Posted Jul 11, 2023, 6:37 PM
The French press goes on the offensive against Twitter. This Tuesday, the editors of “Figaro”, “Echoes” and “Parisian”, and publications of the “Le Monde” group (in addition to the evening daily, “Télérama”, “Courrier International”, “Le Huffington Post”, Malesherbes Publications and “L’Obs”) have jointly announced that they will be summoned for interim measures before the court Paris, Twitter’s European holding company (Twitter International Unlimited Company) and its French subsidiary.
Object of their wrath? The absence of remuneration by the firm to the blue bird of neighboring rights, instituted by a European directive transposed into French law in 2019, and which provides that platforms remunerate press agencies and publishers for the reproduction of their content .
In a joint press release, the French publishers “regret that the companies Twitter France and Twitter International Unlimited Company have, unlike their counterparts, never agreed to negotiate with them in application of the legal provisions on copyright and rights neighbors “. Through this legal action, they are asking to be contacted by the company run by Elon Musk “the figures and statistics allowing the precise determination of the amount of their remuneration due to them”.
After long discussions, Facebook (now Meta) And Google have signed with the Alliance of the press of general information (Apig) agreements, respectively at the end of 2021 and beginning of 2022, aimed at remunerating neighboring rights. But, despite “several months of steps and then unsuccessful reminders” according to the three press groups, Twitter has so far always refused.
According to our sources, the social network – which responds to requests from journalists by an automatic e-mail with an emoji in the form of dejection – would consider that it is not indebted to it, considering itself as a host. He would point out in particular that the articles are pushed onto his platform directly by journalists or press editors, and would also hide behind the exception of “short extracts”.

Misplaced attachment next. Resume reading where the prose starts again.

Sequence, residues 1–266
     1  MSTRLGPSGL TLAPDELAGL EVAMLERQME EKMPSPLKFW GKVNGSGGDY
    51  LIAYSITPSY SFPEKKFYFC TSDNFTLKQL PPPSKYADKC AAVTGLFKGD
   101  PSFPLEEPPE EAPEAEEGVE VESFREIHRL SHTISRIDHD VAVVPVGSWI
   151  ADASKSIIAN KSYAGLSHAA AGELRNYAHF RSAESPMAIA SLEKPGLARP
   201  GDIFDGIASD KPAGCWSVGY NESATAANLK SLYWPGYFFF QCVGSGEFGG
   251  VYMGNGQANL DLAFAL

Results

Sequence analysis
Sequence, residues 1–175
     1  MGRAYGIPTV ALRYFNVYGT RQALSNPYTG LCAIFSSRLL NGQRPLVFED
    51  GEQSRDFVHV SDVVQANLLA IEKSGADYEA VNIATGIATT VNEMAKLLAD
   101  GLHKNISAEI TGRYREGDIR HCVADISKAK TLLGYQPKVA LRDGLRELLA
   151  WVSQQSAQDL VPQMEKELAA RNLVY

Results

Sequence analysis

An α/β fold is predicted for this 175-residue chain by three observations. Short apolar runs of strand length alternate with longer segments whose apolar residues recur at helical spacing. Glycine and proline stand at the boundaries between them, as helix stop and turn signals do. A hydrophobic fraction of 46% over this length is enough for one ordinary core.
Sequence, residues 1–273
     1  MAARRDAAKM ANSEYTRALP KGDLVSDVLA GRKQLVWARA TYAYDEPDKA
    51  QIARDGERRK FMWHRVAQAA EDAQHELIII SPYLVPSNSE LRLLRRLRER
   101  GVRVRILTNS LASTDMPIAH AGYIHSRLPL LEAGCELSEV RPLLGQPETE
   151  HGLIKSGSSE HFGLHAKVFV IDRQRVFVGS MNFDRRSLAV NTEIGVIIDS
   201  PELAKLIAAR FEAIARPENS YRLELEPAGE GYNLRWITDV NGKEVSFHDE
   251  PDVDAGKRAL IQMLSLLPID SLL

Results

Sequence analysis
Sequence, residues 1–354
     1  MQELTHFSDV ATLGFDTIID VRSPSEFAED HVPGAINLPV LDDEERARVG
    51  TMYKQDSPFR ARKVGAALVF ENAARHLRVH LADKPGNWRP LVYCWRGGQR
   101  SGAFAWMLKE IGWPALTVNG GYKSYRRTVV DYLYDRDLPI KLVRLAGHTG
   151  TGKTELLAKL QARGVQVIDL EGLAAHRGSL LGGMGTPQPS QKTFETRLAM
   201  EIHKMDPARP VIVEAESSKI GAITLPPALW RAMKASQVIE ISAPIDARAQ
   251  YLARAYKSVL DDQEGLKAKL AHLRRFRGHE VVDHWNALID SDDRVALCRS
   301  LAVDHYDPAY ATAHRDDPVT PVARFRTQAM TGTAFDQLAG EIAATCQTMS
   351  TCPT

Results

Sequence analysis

Inadmissible arguments for press publishers, who demand the application of the law. “Twitter, like its peers at the major crossroads of the Net, always takes a little time to get into the atmosphere,” notes Pierre Louette, CEO of the Les Echos – Le Parisien group. These players, whose model lies in the monetization of content that they do not pay for, must learn to live with the rules in place. »
Hearing in December
“Twitter has decided that the law applies to everyone, but not to them, is surprised Louis Dreyfus, the chairman of the management board of the Le Monde group. I don’t know why Twitter, a company that not too long ago was still worth $44 billion, would deviate from this. The other platforms have agreed to engage in discussions and reach agreements. »
Same story on the side of the Figaro. “It was nevertheless paradoxical that this social network where information, especially when it is of quality, plays an essential role, does not respond to the requests of press publishers, underlines Marc Feuillée, the general manager of the group. It is largely based on our content and it is therefore legitimate for it to submit to the neighboring rights regime, as other digital players have agreed to do. That’s why we decided to take action. Our request is legitimate and we are collectively determined to see this matter through to the end. »
According to our sources, a hearing before the judge has been scheduled for next December. Justice would also have ordered the parties to meet a mediator by then, Professor Pierre Sirinelli. A big challenge for this specialist in intellectual property, as the positions of Twitter and press publishers seem far apart for the moment.